The director of the Fredericksburg Department of Economic Development and Tourism says sequestration has already impacted the area's economy.
"One prospective manufacturing tenant for the city has put their project on hold because of the uncertainty about sequestration," Karen Hedelt told Patch. She also knows of one existing city business considering expansion that is now waiting. "They want to feel a little more security on the sequestration issue [before proceeding]," she said.
The March 1 sequester deadline means across-the-board cuts are set to occur if a budget agreement is not met by Congress. the cuts would mean for Virginia:
- Tens of thousands of lost jobs;
- 18,000 fewer Virginians will get the skills and training they need to find jobs;
- 2,000 Virginia college students will lose financial aid;
- Early education programs will be eliminated for 1,000 children.
Fredericksburg's proximity to federal programs and contractors, particularly those in and around Marine Corps Base Quantico, make any threat of significant cuts particularly worrisome for economic development officials and business owners.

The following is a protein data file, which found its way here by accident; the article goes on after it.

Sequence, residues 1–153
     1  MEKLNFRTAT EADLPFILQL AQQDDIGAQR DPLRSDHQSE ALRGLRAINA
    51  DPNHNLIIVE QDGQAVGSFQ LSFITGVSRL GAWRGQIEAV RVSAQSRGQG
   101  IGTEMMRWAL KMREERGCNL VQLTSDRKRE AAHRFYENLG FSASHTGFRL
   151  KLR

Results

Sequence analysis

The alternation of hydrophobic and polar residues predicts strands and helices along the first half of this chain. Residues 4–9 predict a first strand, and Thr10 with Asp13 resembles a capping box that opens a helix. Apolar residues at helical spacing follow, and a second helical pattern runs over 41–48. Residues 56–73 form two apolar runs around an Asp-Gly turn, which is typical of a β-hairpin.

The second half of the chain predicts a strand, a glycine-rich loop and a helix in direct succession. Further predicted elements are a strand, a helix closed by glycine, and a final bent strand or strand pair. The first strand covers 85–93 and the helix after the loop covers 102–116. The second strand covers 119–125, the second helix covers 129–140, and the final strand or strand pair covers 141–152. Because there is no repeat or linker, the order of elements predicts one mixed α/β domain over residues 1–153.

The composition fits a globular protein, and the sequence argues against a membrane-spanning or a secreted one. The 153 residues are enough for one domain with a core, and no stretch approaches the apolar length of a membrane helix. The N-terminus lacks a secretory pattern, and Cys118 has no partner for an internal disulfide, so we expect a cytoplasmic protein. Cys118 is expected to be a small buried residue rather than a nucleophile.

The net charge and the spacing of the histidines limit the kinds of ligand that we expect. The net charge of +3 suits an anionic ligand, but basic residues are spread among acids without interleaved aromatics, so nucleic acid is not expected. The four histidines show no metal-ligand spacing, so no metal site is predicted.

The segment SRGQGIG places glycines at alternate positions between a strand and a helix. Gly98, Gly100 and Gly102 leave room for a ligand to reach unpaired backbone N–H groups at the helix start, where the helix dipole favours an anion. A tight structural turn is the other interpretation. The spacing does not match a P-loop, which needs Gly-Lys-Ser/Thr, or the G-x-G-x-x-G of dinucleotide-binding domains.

“The Fredericksburg Regional Chamber is deeply concerned about the impact sequestration will have not only on our valued members, but on the entire economy of the Commonwealth of Virginia,” Chamber President Susan Spears said. “We hope that our elected officials in Washington will come to an agreement on balancing our nation’s budget while at the same time preserving all critical elements of the Department of Defense and its industry partners that keep our nation safe.”
A local restaurateur said business has slowed significantly in February, and he blames that on sequestration fears.
"In ways large and small, sequestration is affecting and will affect our city," Hedelt said.
For more on sequestration, see:
Congress to Fredericksburg and Virginia: 'Drop Dead'?
McDonnell: Sequester Could Force Virginia Into Recession
Defense Contractors 'We've Been Sequestered Already'
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